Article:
What is Green Friday? How I'm using it to shop smarter and save this Black Friday

How to take part in Green Friday Sale – the antidote to Black Friday’s overconsumption

A blue kitchen with a toaster and a coffee machine
(Image credit: Future PLC/Darren Chung)

Green Friday is the antidote to Black Friday’s chronic overconsumption, focusing on a more considered, sustainable approach to shopping. Every year, a shopping frenzy known as Black Friday Sale descends upon us as retailers introduce their offering of Black Friday deals.

When is Black Friday? Traditionally, Black Friday is the day after Thanksgiving in the US, which has now been turned into an international shopping event starting on the last Friday of November and lasting the whole weekend that follows. And Green Friday takes place at the exact same time, which falls on the 24th November this year.

So how can you take part in Green Friday? The movement is all about reflecting on your shopping habits and if you do decide to purchase something, make it something you truly need and that will stand the test of time. Supporting small and local businesses or sustainable brands also ties into the idea behind Green Friday. But this year, even retailing giants like Currys champion the campaign with the Currys Green Friday Sale.

What is Green Friday Sale?

A colourful kitchen with pastel kitchen appliances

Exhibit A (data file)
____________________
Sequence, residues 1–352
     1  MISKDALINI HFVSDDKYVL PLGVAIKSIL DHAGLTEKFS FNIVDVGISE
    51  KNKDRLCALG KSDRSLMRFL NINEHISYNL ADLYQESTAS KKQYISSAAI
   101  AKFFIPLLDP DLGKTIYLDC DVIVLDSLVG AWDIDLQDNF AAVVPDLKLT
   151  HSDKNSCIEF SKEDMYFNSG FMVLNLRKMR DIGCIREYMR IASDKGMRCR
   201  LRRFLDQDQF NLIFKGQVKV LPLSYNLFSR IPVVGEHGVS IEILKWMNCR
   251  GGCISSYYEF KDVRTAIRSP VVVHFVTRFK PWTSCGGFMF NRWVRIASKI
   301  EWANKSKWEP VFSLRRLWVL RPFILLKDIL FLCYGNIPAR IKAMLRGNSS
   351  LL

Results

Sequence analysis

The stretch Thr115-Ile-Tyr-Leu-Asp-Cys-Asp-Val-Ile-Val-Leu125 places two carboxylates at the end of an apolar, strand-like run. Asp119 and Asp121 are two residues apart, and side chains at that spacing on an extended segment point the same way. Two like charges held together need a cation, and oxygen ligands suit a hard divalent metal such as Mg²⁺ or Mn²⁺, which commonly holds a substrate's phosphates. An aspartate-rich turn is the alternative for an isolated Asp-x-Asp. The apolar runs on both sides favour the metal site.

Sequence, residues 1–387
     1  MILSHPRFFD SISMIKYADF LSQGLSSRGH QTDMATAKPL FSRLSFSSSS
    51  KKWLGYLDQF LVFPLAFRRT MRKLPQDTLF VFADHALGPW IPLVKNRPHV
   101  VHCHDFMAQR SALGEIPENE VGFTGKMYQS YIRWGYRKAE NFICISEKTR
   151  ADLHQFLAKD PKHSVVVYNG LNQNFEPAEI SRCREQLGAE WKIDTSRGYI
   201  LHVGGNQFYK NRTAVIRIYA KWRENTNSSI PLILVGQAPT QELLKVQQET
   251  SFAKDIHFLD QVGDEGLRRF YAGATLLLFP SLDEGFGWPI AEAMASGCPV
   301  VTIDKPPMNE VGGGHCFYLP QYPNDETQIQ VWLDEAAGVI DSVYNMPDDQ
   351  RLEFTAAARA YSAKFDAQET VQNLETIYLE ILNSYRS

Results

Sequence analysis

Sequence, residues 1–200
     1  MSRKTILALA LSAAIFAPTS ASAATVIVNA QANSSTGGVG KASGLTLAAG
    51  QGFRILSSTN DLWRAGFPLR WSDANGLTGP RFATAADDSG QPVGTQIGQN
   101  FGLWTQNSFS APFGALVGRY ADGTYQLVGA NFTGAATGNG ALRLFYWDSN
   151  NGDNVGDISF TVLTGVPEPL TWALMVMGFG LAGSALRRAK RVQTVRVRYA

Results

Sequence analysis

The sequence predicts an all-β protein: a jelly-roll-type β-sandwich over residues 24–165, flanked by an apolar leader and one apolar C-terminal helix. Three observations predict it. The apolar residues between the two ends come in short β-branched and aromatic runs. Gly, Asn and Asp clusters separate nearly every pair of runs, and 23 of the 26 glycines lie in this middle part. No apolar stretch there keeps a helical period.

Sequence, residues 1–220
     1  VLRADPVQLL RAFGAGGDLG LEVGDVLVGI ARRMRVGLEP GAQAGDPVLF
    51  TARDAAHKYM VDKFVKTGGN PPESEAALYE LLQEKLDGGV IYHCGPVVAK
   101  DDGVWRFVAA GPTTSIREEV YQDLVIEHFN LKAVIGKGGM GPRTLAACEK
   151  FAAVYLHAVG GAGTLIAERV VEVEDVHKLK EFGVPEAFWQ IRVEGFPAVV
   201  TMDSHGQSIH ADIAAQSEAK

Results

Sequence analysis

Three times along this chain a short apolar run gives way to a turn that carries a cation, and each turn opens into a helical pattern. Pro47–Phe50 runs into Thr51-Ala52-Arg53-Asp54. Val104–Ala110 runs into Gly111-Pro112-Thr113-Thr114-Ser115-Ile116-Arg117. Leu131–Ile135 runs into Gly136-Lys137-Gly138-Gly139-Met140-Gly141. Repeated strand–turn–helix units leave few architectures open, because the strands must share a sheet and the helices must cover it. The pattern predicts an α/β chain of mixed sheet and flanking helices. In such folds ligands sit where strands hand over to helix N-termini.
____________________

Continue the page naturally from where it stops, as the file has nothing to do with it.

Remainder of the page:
(Image credit: Future PLC/Kazia Fiszer)

Starting on Wednesday 25th October, Currys’ Green Friday Sale offers deals on 140 energy-saving products in a bid for a more sustainable home appliance usage, including one of the best dual zone air fryers we’ve tried - the Salter 4750 7.4L Dual Air Fryer Pro.

‘For the first time, we’re running both a Black Friday and Green Friday event to meet customer demand after Currys research highlighted that cost-saving, energy-efficient products are top priority for shoppers,’ says Ed Connolly, chief commercial officer at Currys. ‘Our Green Friday event is part of Currys commitment to helping people make more sustainable tech decisions and reduce their energy bills with deals on over 140 energy-savvy products. We’ve also waived our usual £30 fee to pick up and recycle customers’ old, unwanted appliances and are offering an extra £10 off selected sale products.’

How to take part in Green Friday?

A white-tiled kitchen with a kettle and a coffee machine

(Image credit: Future PLC/Douglas Gibb)

There are clearly several ways of partaking in the Green Friday way of doing things. My approach is being prepared and mindful of what I actually need, making a list and if I spot one of those items on sale over the shopping weekend, then great. I’m in! Tara Button, CEO of Buy Me Once, a platform which researches and sells the longest-lasting sustainable kitchen and homeware, agrees.

‘Green Friday is about resisting the impulse buying madness which has been brought about by the Black Friday phenomenon. The problem with Black Friday is not that items become more affordable, the problem is that it creates a frenzy of overconsumption and people buying things they do not necessarily need.’

‘At Buy Me Once, we believe that products being more affordable is a good thing as it means sustainable products being available to more people. BUT, we send out surveys to all our customers before our sale season to ask them what they need and what they would like to see discounted. That way it becomes about mindful purchasing, not mindless buying driven by FOMO.’